Cahill said the plan is to “keep our lower and upper school middle-school students separate whenever possible.”
One of the biggest reasons cited for the 5-to-8 model was the chance to free up space in the elementary schools. If fifth-graders stay in the elementary schools, Cahill said the city would likely have to build additions on three of the schools.
“That would take longer at a greater cost (than building a 5-to-8 middle school),” he said.
Cesa said building a larger middle school would free up space throughout the district for special education students who are now bused out of district due to a lack of space for programs. She said the district spends $1.2 million per year on special education transportation.
“We have too many special education students leaving the district because we don’t have space for them here,” Cesa said. “They’re Beverly kids, and they should go to a Beverly school.”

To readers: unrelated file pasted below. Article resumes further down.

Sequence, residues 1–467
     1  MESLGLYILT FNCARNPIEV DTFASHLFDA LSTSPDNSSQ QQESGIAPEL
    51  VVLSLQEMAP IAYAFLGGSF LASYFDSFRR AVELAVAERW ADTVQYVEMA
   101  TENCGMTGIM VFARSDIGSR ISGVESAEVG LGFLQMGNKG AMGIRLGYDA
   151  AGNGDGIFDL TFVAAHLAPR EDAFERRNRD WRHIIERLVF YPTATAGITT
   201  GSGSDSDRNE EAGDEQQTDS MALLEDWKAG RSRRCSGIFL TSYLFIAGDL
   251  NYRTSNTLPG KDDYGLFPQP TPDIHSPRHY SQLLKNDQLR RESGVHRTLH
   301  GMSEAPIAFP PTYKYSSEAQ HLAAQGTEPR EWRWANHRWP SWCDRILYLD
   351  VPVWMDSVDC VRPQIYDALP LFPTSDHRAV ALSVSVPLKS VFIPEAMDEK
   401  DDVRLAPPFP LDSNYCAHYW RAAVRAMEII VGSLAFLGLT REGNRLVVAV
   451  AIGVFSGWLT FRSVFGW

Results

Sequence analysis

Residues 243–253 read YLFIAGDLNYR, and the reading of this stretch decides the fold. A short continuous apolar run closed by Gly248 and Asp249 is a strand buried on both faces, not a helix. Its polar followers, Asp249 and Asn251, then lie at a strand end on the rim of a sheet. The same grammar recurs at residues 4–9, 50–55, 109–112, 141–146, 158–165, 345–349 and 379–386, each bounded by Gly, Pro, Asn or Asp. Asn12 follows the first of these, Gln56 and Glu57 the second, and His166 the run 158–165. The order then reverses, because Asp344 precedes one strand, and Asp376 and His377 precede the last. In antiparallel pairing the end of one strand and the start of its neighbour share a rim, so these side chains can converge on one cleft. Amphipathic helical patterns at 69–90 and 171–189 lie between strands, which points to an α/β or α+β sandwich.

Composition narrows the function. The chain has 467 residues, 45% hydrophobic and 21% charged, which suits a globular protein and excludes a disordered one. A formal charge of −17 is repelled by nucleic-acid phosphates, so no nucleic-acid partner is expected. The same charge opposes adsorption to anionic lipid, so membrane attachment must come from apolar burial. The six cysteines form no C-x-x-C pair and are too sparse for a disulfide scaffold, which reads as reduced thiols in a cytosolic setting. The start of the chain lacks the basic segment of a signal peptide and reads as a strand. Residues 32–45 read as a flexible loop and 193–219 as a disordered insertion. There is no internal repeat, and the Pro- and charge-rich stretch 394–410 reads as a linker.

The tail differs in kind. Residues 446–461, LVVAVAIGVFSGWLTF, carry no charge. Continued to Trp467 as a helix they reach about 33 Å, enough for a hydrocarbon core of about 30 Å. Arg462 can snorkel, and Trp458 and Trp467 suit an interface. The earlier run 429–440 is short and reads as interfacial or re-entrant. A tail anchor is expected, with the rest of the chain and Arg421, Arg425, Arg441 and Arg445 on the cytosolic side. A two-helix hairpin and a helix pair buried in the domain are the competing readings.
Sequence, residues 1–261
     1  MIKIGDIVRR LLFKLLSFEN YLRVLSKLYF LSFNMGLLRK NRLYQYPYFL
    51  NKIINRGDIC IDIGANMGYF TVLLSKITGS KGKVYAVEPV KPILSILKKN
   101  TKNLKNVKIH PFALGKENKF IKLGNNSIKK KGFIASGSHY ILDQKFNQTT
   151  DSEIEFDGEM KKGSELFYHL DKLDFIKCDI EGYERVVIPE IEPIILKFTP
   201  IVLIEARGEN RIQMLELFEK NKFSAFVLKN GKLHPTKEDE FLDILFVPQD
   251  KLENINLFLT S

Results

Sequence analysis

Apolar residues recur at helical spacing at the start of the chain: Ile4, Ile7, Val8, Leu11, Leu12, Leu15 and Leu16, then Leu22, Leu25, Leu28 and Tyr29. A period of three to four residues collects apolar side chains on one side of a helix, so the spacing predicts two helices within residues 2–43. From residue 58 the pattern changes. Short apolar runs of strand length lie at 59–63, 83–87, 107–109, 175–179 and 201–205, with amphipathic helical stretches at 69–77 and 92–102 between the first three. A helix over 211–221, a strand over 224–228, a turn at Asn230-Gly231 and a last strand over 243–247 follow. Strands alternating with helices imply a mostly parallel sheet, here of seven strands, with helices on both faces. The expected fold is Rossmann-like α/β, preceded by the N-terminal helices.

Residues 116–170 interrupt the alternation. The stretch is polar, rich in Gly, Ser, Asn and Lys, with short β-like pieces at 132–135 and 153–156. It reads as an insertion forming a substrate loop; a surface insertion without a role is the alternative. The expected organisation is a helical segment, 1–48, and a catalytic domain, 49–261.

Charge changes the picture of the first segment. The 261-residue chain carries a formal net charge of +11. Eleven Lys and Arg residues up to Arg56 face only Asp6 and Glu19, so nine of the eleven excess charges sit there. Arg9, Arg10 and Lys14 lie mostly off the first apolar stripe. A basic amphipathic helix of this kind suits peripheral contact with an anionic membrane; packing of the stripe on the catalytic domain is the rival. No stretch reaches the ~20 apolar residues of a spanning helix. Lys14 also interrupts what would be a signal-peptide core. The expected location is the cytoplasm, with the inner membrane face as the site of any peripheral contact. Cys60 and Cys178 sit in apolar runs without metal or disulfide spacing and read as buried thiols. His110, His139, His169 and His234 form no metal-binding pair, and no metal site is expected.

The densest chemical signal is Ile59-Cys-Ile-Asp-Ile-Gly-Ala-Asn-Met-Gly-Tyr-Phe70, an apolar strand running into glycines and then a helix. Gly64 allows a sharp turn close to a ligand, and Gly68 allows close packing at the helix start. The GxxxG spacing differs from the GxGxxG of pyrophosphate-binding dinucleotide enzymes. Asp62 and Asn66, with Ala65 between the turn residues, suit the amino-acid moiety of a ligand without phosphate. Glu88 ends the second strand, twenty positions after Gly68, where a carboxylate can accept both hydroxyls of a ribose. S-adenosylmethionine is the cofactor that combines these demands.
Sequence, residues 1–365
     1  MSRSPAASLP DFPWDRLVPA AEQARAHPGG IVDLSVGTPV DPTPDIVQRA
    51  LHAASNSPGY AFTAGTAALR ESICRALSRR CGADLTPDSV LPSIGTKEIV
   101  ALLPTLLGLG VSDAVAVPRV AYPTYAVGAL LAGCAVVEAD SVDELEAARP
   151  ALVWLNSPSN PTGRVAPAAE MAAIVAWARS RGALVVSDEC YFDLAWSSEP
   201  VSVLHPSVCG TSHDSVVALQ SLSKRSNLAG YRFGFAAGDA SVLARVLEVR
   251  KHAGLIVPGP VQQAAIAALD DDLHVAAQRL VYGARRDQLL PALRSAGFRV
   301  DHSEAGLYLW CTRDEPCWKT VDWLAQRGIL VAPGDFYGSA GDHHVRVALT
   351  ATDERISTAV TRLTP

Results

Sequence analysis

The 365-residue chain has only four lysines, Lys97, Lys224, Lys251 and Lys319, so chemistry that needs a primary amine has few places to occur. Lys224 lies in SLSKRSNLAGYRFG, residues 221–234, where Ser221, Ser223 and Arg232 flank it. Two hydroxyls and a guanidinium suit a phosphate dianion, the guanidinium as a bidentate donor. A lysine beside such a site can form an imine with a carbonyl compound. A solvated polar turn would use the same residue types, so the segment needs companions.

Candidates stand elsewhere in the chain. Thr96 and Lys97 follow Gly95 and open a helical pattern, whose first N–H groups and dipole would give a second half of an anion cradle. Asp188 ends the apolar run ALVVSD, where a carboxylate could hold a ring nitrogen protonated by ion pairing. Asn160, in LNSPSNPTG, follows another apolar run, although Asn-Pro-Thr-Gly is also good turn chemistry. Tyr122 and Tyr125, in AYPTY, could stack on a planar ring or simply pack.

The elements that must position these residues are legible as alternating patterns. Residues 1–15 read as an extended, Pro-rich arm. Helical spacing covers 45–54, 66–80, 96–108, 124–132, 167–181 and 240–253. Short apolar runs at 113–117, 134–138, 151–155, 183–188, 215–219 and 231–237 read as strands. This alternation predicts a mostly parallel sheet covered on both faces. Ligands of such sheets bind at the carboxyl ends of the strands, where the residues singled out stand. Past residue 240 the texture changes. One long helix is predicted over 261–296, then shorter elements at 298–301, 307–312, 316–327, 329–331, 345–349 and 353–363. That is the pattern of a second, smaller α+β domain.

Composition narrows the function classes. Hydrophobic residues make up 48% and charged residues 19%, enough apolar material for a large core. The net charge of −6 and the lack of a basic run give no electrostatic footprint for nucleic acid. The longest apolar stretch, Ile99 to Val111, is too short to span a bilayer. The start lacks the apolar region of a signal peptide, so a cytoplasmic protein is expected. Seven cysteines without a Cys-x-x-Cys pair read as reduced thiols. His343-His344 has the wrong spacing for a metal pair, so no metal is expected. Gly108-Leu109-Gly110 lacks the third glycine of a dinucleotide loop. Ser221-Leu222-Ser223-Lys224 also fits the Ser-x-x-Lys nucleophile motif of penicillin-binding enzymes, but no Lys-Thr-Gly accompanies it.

Committee members also said the move would open up more opportunities for fifth-graders in band, foreign language and athletics.
Silverstein and committee member Matthew Kavanagh both said the feedback they received from residents on the 5-to-8 model was “50-50.” Lorinda Visnick said she got “very little” feedback, but the feedback she did receive from her Ward 6 constituents was “almost unanimous” for the 5-to-8 model.
Kavanagh said the model will only work if the plan is executed properly.
“To move your young son or daughter out of elementary school is a difficult thing,” he said. “If we prepare well for that transition, it will work well. If we don’t, it won’t work well. It’s all in the execution.”
Staff writer Paul Leighton can be reached at 978-338-2675 or email@example.com.